Sly James wants mayor to have more power under a new KC charter

10/14/2013 6:35 PM

10/14/2013 9:50 PM

Kansas City Mayor Sly James on Monday urged the Charter Review Commission to recommend changes that would give him more power to hire and fire the city manager.

But James stopped short of supporting a major change to the City Council districts that the commission is also considering.

Under the current charter, the mayor is one of 13 votes on the council and they are the city’s political leaders. But the city manager, who is hired and fired by a council majority, runs the government’s day-to-day operations.

James told the commission that he is held accountable for running city government and gets blamed for everything that goes wrong. But he doesn’t actually have any authority except through “powers of persuasion” or a “temper tantrum.” Other former mayors, including Kay Barnes and Charles Wheeler, told the commission the same thing.

James said he and City Manager Troy Schulte have a great relationship, but getting things done takes too long, and other strong-mayor cities are progressing faster. He suggested the charter should give mayors more control over the city manager to carry out their visions for the city.

James characterized his preferred strong-mayor concept as a “poor man’s CEO” and said he would still act with some kind of advice and consent of the council. The city manager would still have authority to hire and fire department heads.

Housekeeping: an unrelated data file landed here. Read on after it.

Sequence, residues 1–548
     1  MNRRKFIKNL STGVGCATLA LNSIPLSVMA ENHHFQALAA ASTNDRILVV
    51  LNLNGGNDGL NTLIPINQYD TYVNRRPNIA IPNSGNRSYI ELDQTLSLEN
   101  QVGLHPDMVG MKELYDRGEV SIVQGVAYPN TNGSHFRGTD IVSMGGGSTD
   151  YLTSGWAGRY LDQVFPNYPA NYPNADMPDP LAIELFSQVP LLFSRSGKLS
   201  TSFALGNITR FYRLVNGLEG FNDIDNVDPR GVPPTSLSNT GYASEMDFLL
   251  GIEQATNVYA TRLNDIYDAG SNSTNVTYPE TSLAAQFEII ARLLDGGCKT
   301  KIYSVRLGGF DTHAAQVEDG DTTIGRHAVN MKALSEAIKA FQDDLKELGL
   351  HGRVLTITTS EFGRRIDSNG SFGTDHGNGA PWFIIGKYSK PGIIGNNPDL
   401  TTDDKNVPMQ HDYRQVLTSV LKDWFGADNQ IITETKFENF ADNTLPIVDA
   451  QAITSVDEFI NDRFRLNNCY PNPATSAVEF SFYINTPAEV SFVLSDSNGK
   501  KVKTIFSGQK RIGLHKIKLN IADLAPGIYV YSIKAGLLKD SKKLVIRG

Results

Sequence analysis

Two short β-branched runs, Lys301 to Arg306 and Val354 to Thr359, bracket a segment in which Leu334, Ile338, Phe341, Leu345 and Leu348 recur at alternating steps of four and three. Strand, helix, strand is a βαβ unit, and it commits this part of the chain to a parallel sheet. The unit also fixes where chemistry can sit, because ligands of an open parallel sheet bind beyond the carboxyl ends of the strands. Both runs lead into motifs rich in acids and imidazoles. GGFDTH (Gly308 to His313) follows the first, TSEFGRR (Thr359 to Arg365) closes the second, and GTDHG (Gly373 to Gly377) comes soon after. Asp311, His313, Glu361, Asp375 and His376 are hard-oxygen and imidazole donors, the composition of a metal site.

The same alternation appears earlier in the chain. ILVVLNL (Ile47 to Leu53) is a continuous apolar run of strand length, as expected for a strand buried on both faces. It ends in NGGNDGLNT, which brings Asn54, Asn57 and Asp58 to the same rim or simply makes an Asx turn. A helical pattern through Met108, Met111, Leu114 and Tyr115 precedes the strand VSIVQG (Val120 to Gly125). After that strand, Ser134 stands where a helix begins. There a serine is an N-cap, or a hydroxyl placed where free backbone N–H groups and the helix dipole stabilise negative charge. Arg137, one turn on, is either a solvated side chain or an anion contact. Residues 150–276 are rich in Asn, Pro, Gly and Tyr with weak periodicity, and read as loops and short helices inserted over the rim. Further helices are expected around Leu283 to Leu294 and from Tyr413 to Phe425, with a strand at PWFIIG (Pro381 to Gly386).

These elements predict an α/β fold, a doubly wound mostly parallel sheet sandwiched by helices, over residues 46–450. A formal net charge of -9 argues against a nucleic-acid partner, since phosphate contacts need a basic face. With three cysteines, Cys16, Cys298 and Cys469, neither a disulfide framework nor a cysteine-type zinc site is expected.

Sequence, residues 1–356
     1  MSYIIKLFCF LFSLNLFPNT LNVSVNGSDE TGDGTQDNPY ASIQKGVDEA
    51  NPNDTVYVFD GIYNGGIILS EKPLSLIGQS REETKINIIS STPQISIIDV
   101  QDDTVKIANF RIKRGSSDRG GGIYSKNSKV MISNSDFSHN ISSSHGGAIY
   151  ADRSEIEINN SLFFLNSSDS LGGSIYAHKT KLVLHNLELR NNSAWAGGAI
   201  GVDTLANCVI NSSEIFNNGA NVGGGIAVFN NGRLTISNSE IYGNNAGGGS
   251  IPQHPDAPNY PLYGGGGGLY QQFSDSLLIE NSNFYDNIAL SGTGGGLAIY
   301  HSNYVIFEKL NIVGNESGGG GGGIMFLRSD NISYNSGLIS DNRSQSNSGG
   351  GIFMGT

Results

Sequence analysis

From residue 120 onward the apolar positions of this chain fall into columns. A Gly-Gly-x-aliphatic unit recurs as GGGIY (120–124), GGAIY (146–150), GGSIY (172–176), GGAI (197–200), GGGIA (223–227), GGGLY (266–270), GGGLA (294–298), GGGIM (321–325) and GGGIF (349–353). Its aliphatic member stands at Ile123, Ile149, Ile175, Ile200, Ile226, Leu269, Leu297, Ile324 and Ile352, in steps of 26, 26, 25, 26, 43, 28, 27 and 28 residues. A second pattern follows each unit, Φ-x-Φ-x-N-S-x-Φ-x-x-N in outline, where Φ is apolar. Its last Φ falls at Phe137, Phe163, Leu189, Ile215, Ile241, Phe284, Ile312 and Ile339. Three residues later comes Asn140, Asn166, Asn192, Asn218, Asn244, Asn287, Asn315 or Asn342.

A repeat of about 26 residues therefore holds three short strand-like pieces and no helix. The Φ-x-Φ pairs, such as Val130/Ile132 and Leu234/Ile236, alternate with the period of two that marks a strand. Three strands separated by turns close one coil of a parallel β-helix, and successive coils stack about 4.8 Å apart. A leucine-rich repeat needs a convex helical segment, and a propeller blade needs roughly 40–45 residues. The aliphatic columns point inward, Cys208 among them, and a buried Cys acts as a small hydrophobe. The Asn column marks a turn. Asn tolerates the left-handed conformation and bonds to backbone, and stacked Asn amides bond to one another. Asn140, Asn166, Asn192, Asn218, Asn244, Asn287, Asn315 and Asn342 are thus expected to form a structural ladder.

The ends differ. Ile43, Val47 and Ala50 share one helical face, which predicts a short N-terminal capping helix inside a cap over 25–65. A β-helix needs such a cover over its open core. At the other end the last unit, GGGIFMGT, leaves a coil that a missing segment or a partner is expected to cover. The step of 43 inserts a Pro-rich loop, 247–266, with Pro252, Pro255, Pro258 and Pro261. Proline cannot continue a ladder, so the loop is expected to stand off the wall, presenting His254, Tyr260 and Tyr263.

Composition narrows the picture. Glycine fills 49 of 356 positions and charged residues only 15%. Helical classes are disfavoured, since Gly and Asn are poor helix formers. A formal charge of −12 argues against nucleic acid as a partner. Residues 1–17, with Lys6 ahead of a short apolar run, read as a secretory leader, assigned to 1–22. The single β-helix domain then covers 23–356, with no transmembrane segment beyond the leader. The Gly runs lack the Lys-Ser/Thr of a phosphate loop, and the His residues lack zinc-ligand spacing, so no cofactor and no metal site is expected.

Kansas City’s council-manager form of government grew out of fears of corruption in the 1920s, but James said that was a long time ago and it’s time for Kansas City to adapt to more modern governing methods.

“Fear of a mistake is a bad reason not to progress,” he said.

Some minority groups have urged the commission to change the City Council structure from six in-district and six at-large seats to 12 in-district seats. They have said that smaller districts would give minority candidates a better chance of getting elected and would make city government more responsive to the electorate.

James said he liked the current blend of in-district and at-large candidates. He said he worries that 12 in-district council members could lead to a more divided city. James said that if the commission recommends 12 in-district seats, it would make a stronger mayor more imperative to provide a unifying voice.

The commission hopes to wrap up its discussions Oct. 21. Any recommendations go to the City Council, which must agree to place those changes on a citywide ballot.


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